Editorial: Why are African-American Authors Frequently Banned?

A Critical Look at the Impact of Books by African-American Authors Being Challenged in Schools


The GHFalcon

A collection of books that are currently on the ALA Office of Intellectual Freedom challenged book list.

Aarushi Mandal, Editorial/Opinion Editor

Educating students on the diversity of art is essential to learning. February was Black History Month which is meant to celebrate, honor, and commemorate the accomplishments and contributions of African Americans throughout time. February is over, but black history continues daily. Education on African-American art and historical significant events continues; however, many African-American authors’ books are now being banned from schools and libraries across the country. How will people learn about African American culture and history when certain black authors are consistently getting banned from schools?

The impact of African Americans has been monumental in shaping today’s society. Events such as the Abolitionist Movement, Plessy v. Ferguson and the Civil Rights Act of 1964,  have been the predecessors for reforming the society in which we now live. Today, schools acknowledge slavery, prejudice and racism, teaching that these issues are a part of the past. If education surrounding the history of African-Americans is celebrated and required, then why are so-called “problems of the past” as seen through literature being suppressed by schools today? 

An unfortunate example of the banning of Black authors is the removal of Nobel Prize winning author Toni Morrison’s novels. Morrison’s books portray racism and slavery in a clear way.  Morrison doesn’t sugarcoat the past.  In her novel, Beloved, Morrison portrays a heartbreaking story about a former slave named Sethe as she reminisces on her journey through slavery. Sethe continues to be surrounded by the trauma of slavery even after she escapes it. Life on a plantation strips her of her confidence, and the removal of confidence and surety carries on to other parts of her life. Sethe’s life consists of struggles when she tries interacting with the people around her. Additionally, she has to deal with the loss and guilt of losing her child to the cruelty of slavery. Unlike others, this book doesn’t produce a “whitewashed” account of history and shows the gritty details. 

Another book by Morrison, The Bluest Eye, is about a young girl, Pecola, struggling to find beauty in her own race. Set after the great depression, her home life is unstable as both of her parents hold similar views on beauty and self worth.  She idolizes the white child actress Shirley Temple, and she feels if she had blue eyes, her family and those around her would appreciate her more. A prominent theme in both these novels is racism’s impact on personal identity which. In our society, it still remains.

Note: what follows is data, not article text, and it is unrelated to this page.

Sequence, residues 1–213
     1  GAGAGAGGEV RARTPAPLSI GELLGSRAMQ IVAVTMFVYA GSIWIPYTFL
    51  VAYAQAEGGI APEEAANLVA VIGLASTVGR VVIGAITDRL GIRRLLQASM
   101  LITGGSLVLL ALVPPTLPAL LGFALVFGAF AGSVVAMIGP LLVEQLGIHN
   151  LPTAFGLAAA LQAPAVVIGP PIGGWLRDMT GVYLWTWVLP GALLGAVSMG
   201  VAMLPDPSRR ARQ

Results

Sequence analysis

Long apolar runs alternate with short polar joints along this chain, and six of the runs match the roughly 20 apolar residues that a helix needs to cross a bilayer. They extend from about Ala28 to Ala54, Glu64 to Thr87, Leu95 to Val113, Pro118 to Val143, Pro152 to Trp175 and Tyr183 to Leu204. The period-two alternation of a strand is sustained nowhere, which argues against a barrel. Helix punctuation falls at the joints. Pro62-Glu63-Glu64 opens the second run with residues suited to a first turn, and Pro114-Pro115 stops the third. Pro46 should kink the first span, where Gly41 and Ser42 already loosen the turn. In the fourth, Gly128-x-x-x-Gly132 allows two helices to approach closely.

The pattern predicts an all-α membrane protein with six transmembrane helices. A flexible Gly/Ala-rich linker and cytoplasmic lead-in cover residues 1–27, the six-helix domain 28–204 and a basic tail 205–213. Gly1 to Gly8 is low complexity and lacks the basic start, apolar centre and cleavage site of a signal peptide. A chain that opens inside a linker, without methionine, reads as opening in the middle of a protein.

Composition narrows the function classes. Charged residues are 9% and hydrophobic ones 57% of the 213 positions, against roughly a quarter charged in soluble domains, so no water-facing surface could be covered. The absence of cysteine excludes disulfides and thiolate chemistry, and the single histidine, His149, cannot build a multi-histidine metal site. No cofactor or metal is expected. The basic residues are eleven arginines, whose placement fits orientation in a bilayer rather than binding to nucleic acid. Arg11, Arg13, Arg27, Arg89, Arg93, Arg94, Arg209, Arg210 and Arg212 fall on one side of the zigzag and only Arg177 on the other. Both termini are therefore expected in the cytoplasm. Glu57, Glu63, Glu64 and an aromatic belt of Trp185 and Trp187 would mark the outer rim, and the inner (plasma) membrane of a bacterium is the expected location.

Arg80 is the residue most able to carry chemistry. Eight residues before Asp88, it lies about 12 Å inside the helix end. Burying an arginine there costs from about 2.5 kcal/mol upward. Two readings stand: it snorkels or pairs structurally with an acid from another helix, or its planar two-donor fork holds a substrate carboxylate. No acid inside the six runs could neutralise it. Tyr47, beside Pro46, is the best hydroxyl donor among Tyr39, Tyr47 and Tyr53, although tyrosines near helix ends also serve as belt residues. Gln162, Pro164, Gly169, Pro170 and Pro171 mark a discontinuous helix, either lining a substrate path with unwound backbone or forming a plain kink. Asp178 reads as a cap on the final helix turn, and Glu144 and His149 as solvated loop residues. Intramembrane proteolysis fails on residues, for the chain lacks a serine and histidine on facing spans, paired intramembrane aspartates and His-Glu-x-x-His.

Popular books written by white authors, such as To Kill a Mockingbird and  Of Mice and Men, present sexual situations as well as explicit language and are still actively being taught today.”

The importance of the topics in Beloved, The Bluest Eye, and similar books gets undermined by those trying to ban them from schools entirely. So the essential question is: why are so many books by Black authors getting banned? Many people think that the topics presented in such books are “sensitive” and  inappropriate in school settings leading to questions such as: what warrants such sensitivity?  Students are taught about World Wars and rebellions full of violence and harsh realities; so, why are the equally harsh realities of enslavement and racism that is depicted in literature being blocked? 

A recent book ban in Waynesville, North Carolina stirred up similar questions. After Tim Reeves, a parent, complained about there being explicit language in the book Dear Martin, Tuscola High School banned it from their curriculum. This may seem like a fair argument, however, explicit language is not entirely removed from the majority of high school English classes. Popular books written by white authors, such as To Kill a Mockingbird and  Of Mice and Men, present sexual situations as well as explicit language and are still actively being taught today. For reference, Dear Martin has only five accounts of explicit language. As compared to the former it is much more tame. The book explores police brutality and its association with race as well as the stereotypes that African Americans face on a daily basis. With the uproar of the Black Lives Matter movement in recent years, the book is an important work that illustrates relevant information occurring in today’s society.

Unfortunately book-banning, especially of certain Black authors, is not a new concept. Texas State Representative Matt Krause even released a list of 850 books that aren’t to be taught in Texas schools with a good majority of them having to deal with race. Censorship is taking away from millions of students’ education and it is something no curriculum should have to, or want to, uphold.

**Note: These books are available to check out in our Media Center, and they are not banned at Green Hope High School.  The American Library Association’s (ALA) Office of Intellectual Freedom lists the most challenged book titles.  Go to the website HERE to learn more and search for challenged books.